What causes an enlarged prostate?

In most men, the prostate gland continues to grow throughout their lives, but it may not become enlarged. While there are several theories, the exact cause of enlarged prostate isn't known. Some believe that the growth could be the result of a rise in the ratio of estrogen to testosterone in the blood of older men. Others think that it might be the result of a substance called DHT that is made from testosterone building up in the prostate. Still others think that it has to do with dormant cells in the prostate suddenly become active later in life.

Harris H. McIlwain, MD
At around age 35, practically all men will have an enlarged prostate. Testosterone has a key role in this enlargement, and the increase in size continues gradually over a man’s lifetime. A combination of aging and changes in hormones is thought to cause it. Specifically, testosterone in the prostate converts into the more potent hormone DHT (dihydrotestosterone). In large concentrations, DHT causes cells to multiply and excessively enlarge the prostate.
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Unlike most other organs, the prostate grows with aging. Wacky hormones send testosterone, which is the active steroid in nonsexual tissue like muscle, to the prostate. Testosterone is converted to dihydrotestosterone (DHT), the active steroid hormone in sexual tissue. DHT causes the prostate to grow (that's called hypertrophy).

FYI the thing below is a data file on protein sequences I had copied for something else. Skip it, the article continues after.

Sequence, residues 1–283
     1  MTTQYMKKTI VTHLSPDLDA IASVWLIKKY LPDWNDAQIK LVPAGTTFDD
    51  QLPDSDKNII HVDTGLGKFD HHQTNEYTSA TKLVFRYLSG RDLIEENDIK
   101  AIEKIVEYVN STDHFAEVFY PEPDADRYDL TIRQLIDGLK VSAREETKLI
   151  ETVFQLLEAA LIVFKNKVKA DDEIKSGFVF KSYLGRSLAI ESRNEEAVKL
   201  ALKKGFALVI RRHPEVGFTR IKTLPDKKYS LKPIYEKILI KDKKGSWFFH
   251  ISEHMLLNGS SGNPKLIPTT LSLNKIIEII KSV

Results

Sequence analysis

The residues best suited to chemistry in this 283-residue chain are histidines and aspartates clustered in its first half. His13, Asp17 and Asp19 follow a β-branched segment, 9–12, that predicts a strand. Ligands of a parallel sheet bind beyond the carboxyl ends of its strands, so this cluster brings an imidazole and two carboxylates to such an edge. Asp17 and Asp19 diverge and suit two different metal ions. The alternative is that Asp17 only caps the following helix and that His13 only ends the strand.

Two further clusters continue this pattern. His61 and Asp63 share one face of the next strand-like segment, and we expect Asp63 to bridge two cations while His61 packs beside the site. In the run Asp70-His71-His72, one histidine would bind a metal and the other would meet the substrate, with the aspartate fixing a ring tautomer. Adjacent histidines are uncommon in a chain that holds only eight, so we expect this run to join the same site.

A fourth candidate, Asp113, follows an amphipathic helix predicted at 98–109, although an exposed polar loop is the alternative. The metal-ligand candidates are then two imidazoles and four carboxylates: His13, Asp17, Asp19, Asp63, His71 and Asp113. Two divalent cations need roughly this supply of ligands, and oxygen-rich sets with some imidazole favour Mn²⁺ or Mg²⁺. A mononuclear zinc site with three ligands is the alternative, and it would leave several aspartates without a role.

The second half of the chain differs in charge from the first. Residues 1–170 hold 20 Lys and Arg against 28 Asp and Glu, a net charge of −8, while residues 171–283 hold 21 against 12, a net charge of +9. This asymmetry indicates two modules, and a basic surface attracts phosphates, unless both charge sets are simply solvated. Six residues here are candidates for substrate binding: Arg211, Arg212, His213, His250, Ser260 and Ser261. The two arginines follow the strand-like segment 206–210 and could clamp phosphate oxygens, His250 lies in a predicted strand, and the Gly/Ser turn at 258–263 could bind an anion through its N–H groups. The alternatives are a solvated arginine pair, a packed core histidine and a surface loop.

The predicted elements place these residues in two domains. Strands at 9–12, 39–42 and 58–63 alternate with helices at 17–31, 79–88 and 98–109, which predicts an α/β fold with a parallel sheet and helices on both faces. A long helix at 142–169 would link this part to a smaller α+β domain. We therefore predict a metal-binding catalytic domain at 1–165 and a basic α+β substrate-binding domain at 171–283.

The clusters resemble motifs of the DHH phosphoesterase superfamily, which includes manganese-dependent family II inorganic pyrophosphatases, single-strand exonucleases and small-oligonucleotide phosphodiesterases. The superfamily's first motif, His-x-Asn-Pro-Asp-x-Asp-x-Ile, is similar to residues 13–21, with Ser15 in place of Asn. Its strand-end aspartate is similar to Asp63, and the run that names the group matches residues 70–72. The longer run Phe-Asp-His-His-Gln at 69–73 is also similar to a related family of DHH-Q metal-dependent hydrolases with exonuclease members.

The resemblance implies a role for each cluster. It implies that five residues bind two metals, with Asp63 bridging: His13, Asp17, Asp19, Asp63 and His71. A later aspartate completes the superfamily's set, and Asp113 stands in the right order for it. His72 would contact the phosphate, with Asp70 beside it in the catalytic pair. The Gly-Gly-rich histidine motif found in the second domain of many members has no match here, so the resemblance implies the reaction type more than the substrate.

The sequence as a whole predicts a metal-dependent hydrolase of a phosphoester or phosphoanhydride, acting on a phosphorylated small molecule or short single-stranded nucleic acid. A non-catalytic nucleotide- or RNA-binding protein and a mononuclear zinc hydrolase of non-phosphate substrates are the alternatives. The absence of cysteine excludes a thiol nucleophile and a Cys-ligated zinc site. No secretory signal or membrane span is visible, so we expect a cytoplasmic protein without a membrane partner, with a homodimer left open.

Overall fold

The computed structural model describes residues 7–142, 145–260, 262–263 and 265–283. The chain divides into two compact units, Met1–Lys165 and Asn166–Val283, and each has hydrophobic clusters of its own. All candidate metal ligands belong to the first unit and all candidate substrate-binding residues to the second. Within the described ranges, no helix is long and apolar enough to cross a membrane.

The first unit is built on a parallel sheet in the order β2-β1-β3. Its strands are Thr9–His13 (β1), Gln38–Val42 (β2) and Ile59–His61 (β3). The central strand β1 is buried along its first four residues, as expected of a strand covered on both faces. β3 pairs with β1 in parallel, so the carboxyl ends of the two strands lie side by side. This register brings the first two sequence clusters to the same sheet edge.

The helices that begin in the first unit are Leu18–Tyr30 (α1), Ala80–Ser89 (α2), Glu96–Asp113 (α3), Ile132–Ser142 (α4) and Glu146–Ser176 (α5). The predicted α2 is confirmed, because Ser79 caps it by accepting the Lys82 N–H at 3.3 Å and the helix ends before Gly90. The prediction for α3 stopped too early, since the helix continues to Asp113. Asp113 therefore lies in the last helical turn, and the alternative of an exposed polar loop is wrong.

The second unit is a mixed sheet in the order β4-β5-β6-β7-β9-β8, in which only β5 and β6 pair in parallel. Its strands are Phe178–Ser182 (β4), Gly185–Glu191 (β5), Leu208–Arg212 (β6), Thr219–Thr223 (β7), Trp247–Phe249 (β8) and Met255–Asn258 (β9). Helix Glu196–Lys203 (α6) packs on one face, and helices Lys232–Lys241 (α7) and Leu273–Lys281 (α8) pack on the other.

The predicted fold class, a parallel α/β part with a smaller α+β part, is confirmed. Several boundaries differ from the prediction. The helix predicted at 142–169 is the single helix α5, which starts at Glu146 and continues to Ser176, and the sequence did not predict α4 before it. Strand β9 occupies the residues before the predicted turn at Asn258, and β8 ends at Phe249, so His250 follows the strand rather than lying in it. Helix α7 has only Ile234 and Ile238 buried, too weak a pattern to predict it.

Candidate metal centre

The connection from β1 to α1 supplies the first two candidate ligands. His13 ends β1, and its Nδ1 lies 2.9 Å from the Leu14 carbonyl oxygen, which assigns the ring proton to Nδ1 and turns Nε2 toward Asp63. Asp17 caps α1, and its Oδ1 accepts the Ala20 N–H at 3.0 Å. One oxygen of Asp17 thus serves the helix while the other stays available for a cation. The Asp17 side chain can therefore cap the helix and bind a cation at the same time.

Just as in urban planning, growth isn't necessarily bad—as long as you keep it under control and have the infrastructure to handle it. What's important is to determine why the prostate is growing as you age, and whether or not that growth is due to something that will kill you, change your quality of life, or do none of the above.
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The prostate is normally about the size and shape of a walnut and weighs about 20 grams (less than 1 ounce). As men age, the prostate gradually increases in size. Generally, the prostate does not grow beyond about twice its normal size because the outer capsule of the gland restricts expansion. Because of this restriction, further tissue growth compresses against the inside of the gland, which can constrict the urethra and cause urinary symptoms.

Prostate enlargement appears to be a normal process because it is so common. The only factor that can prevent prostate enlargement from eventually occurring is the elimination of testosterone. Men who have had their testicles removed or have had diseases that left them unable to produce testosterone do not develop benign prostatic hyperplasia (BPH) -- enlarged prostate -- or prostate cancer.

Carmen Patrick Mohan, MD
Internal Medicine
The prostate gland is a complicated organ sensitive to many different kinds of hormones including the sex hormones (estrogen, testosterone and dihydrotestosterone ) as well as growth hormones. The causes of BPH are not completely understood. There appear to be genetic, lifestyle, and hormonal factors that play separate roles. For example, Black men are more likely than white men to develop large prostates while Asian men are the least likely to develop large prostates. The interplay between hormones such as estrogen, testosterone and dihydrotestosterone (DHT) may be involved in BPH but these hormones and the ratios between them are only one part of the picture. Genetic susceptibility may be the most important factor in causing BPH, but an active lifestyle can help prevent it. 

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Important: This content reflects information from various individuals and organizations and may offer alternative or opposing points of view. It should not be used for medical advice, diagnosis or treatment. As always, you should consult with your healthcare provider about your specific health needs.